Biggest Long Shots To Win The US Masters Since 1990
Since 1990, there’s been no bigger long shot to win The Masters than 150/1 shot Trevor Immelman in 2008.
It was part of an unusual five-year span that saw green jackets go to four of the biggest outsiders in Masters betting history, none of them more unlikely than Immelman, a wire-to-wire winner who had missed the cut in his PGA Tour start the week before.
Here, Gambling.com looks back on that momentous occasion plus the other major upsets in the recent history of golf’s most iconic event.
1. Trevor Immelman +15000 (150/1)
What Happened: Golf betting enthusiasts know that The Masters lends itself to long shots breaking through. The field is the smallest of the majors, typically around 90 players, and several of those are former champions who have little chance of winning.
The tournament welcomes a large contingent of internationals who may have enjoyed success on other tours but have little name recognition in the U.S. And it’s contested on the same course every year, one veteran players are extremely familiar with, and even first-timers feel they know well from years of watching on television.
And yet, the events of the 2008 tournament remained a surprise. Only 10 players carried worse odds into the 2008 Masters than Immelman, who was 28 at the time. The galleries waited for Tiger Woods to make his move, but in a blustery final round buffeted by 35 mph winds, it never came.
Immelman double-bogeyed the 16th, tied for the highest final-round score by a champion, and still won by a comfortable three shots. It would be Immelman’s only major, and one of just two career victories on U.S. soil.
The finale was anticlimactic — a long lag putt rolled past the pin, and he knocked in the short come-backer for a 75.
But the finish in 2008 was still more than good enough for Immelman to stun the golf world by becoming the youngest Masters champion since Woods, and one of the biggest long shots ever to prevail at Augusta National Golf Club.
It was at the beginning of a roller coaster era for golf, which over the previous decade had been dominated by Woods, and was just a year away from his infamous melee in the driveway that would begin the decline of the world’s No. 1 player.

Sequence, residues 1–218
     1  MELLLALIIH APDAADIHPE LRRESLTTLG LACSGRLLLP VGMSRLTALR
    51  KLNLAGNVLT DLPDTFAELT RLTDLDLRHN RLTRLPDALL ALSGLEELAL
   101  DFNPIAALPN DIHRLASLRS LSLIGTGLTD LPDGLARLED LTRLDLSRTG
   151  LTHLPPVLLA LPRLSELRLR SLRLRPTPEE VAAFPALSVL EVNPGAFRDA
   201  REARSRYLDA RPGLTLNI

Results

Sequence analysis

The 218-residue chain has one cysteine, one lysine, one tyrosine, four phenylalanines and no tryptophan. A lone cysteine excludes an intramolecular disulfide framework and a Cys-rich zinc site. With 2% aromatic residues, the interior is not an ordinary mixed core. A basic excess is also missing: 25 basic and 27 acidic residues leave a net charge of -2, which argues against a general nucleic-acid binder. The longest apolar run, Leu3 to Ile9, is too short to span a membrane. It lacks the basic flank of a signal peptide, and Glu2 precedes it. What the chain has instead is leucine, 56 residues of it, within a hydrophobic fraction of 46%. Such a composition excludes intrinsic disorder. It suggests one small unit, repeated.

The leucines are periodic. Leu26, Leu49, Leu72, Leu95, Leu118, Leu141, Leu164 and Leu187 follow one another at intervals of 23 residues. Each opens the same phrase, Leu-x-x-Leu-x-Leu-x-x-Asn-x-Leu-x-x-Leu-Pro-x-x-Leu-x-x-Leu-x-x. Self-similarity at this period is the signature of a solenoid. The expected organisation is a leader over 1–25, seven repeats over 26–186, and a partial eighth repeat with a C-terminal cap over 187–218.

Woods finished second on that Masters Sunday in 2008, when his grand slam talk gave way to an unheralded South African slipping on the green jacket in the east Georgia dusk.
2. Zach Johnson +12500 (125/1)
What Happened: Woods was golf’s dominant force in the 2000s, and in his prime was the betting favorite each time he parked his courtesy car at Augusta National. But even he couldn’t prevent an onslaught of long shot winners that began not with Immelman’s victory, but an unlikely and unforeseen triumph by Zach Johnson the year before.
A former grinder on golf’s mini tours then ranked No. 56 in the world, the little-known Johnson birdied three of his final six holes to hold off Woods in dry, gusty conditions. He came out of nowhere to win as a +12500 (125/1) long shot, carrying odds better than just 11 other players in the field.
Johnson has since backed up that victory with an Open Championship triumph and a reputation as a U.S. Ryder Cup mainstay, but in 2007 he was an unknown from Cedar Rapids, Iowa, who stunned the golf world.
3. Angel Cabrera +12500 (125/1)
What Happened: And the long shots just kept coming. Angel Cabrera made it three in a row in 2009, when he birdied three of his final six holes and made an up-and-down par save on No. 18 to force a three-way playoff with Kenny Perry and Chad Campbell.
A tap-in on the first playoff hole made Cabrera the first Masters champion from Argentina. Cabrera carried long shot odds into that 2009 Masters despite winning his first career major at the U.S. Open two seasons before.
4. Charl Schwartzel +10000 (100/1)
What Happened: Phil Mickelson provided a return to normalcy by winning as No. 2 betting favorite in 2010, the first Masters after Woods’ personal issues had exploded onto the scene.
But in 2011, the long shots were at it again, with dark-horse Schwartzel birdieing each of his final four holes to claim his own green jacket and cap an unusual five-year span.
That stretch still stands as an anomaly. Part of it has to do with the fact that golf betting odds changed; in the mid-2000s perhaps due to the attention brought by Woods’ rise and the increasing prevalence of the internet, odds on long shots grew much longer. In 2004, player odds topped out at +10000 (100/1); the next season, they went as high as +50000 (500/1).
Other Notable Long Shots to Win the Masters
More recently, stability has crept back in. Since Schwartzel’s victory, the highest odds carried by a Masters champion has been +5000 (50/1), by Bubba Watson in 2012 and Danny Willett in 2016.
There was a similar degree of constancy between 1990 and Johnson’s stunner in 2007, when the biggest long shots to win had been Jose Maria Olazabal in 1999 and Mike Weir in 2003, both at +3000 (30/1).
All that predictability was blown away in 2007, when Johnson held off Woods to set the long shots on the loose. What a pack of underdogs: +12500 (125/1), +15000 (150/1), +12500 (125/1) and +10000 (100/1), all within a span in five years. Staid, old Augusta National had never experienced anything like it, and it might never again.
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